|MadSci Network: Physics|
This concerns the web page: http://www.eeel.nist.gov/811/elec-kilo.html This describes the "electronic kilogram" project, whose purpose is to develop a viable means of deriving the SI-standard kilogram from fundamental laws of physics, instead of simply defining a specific block of metal as representing a mass of one kilogram. The drawing on this page is very sparse on details, and I would like to know how this apparatus works. I'd especially like to know: * The description says that mechanical force is used to counteract gravity on a test mass. However, acceleration due to gravity is not a fundamental law of physics; there must be some way it falls out of the picture, but how? * The apparatus converts electrical energy into mechanical energy. For physicist-quality precision, this conversion must be totally lossless, so how is this achieved? * What is actually being measured? Since all SI units of electricity are derived using the kilogram, I assume the apparatus does not measure electricity. * What will be the form of the new definition, i.e., how will we complete the statement: "A kilogram is that quantity of mass such that ..."?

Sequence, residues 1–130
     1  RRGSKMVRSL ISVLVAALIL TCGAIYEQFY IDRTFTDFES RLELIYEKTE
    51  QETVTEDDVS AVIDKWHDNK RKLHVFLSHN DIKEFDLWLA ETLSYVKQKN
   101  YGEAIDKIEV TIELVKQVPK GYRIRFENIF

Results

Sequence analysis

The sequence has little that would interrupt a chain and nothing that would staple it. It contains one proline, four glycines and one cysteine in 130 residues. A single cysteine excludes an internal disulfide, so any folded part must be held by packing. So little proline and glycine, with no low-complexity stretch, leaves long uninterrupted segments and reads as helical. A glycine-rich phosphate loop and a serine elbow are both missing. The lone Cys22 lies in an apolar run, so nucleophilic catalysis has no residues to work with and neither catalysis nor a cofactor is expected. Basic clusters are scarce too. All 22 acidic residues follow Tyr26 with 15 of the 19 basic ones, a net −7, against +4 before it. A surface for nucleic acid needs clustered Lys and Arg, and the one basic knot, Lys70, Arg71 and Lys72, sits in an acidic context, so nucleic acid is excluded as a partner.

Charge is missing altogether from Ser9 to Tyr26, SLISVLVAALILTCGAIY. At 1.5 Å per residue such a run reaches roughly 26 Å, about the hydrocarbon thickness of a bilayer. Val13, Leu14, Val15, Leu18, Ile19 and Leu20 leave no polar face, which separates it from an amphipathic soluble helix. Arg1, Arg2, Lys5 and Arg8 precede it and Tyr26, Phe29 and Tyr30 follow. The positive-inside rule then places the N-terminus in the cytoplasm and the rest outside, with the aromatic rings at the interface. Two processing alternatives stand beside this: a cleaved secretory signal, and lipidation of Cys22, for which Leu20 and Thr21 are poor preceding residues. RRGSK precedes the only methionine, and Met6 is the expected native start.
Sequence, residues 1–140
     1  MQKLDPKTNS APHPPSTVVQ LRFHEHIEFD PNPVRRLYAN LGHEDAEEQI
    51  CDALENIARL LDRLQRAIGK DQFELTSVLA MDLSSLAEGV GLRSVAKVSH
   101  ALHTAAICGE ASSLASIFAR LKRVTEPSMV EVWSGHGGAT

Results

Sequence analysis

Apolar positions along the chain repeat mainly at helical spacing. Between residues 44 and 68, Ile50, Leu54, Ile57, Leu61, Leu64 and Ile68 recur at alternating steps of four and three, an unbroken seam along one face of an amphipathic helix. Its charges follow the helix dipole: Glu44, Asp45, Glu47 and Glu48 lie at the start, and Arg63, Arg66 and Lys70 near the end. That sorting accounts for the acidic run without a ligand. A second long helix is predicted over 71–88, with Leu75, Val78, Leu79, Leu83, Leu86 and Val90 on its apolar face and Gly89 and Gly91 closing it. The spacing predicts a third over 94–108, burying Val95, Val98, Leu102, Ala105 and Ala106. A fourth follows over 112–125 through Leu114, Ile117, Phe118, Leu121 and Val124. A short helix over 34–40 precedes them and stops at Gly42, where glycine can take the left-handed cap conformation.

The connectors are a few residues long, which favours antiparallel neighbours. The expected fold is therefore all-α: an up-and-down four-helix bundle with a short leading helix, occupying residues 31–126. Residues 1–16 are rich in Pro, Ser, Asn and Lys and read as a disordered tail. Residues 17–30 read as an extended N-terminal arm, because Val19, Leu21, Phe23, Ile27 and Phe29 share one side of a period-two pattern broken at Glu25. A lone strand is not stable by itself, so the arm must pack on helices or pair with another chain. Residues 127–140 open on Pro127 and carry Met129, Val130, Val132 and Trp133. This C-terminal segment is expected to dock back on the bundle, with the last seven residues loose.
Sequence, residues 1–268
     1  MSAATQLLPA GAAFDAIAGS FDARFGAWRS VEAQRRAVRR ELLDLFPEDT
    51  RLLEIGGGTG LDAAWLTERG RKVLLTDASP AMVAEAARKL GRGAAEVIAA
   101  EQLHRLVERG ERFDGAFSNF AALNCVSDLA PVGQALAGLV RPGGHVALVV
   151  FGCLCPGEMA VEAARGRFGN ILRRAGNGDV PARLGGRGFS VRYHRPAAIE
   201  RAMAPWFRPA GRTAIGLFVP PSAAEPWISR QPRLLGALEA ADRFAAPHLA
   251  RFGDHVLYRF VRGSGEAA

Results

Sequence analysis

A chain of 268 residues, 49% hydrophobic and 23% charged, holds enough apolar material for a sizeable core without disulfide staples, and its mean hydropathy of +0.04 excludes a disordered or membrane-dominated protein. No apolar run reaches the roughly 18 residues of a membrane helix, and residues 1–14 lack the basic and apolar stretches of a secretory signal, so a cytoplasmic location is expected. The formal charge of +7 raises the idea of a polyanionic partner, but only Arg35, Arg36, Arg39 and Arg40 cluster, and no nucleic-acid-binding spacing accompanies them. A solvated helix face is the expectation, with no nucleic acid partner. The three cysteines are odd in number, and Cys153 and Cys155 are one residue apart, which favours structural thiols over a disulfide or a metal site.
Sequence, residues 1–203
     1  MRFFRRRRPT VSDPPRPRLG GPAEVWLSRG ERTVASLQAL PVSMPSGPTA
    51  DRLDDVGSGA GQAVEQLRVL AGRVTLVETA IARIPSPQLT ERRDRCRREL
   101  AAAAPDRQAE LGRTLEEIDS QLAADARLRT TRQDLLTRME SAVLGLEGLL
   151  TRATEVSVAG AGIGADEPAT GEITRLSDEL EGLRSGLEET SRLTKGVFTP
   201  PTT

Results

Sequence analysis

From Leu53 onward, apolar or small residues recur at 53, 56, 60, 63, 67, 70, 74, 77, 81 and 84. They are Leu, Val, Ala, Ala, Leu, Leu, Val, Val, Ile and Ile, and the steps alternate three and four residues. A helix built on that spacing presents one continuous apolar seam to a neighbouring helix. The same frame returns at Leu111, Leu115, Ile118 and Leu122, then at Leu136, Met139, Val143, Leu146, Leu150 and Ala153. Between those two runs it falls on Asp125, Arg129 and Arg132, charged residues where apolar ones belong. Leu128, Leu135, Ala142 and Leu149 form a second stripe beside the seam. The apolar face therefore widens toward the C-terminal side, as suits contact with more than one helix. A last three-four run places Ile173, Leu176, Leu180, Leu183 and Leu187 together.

Re: How does NIST's electronic kilogram apparatus work?
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